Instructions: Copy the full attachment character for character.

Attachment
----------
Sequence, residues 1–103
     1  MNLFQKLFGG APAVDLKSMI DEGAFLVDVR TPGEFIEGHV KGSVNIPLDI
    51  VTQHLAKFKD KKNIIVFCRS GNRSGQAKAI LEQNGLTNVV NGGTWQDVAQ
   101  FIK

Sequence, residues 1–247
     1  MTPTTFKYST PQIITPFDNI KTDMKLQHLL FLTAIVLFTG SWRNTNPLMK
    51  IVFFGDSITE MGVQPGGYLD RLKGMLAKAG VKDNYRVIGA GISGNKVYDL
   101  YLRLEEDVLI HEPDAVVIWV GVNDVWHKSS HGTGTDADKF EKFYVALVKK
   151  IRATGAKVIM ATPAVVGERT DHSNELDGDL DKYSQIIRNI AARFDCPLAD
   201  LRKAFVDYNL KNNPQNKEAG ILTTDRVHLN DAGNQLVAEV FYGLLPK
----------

Sequence, residues 1–103
     1  MNLFQKLFGG APAVDLKSMI DEGAFLVDVR TPGEFIEGHV KGSVNIPLDI
    51  VTQHLAKFKD KKNIIVFCRS GNRSGQAKAI LEQNGLTNVV NGGTWQDVAQ
   101  FIK

Sequence, residues 1–247
     1  MTPTTFKYST PQIITPFDNI KTDMKLQHLL FLTAIVLFTG SWRNTNPLMK
    51  IVFFGDSITE MGVQPGGYLD RLKGMLAKAG VKDNYRVIGA GISGNKVYDL
   101  YLRLEEDVLI HEPDAVVIWV GVNDVWHKSS HGTGTDADKF EKFYVALVKK
   151  IRATGAKVIM ATPAVVGERT DHSNELDGDL DKYSQIIRNI AARFDCPLAD
   201  LRKAFVDYNL KNNPQNKEAG ILTTDRVHLN DAGNQLVAEV FYGLLPK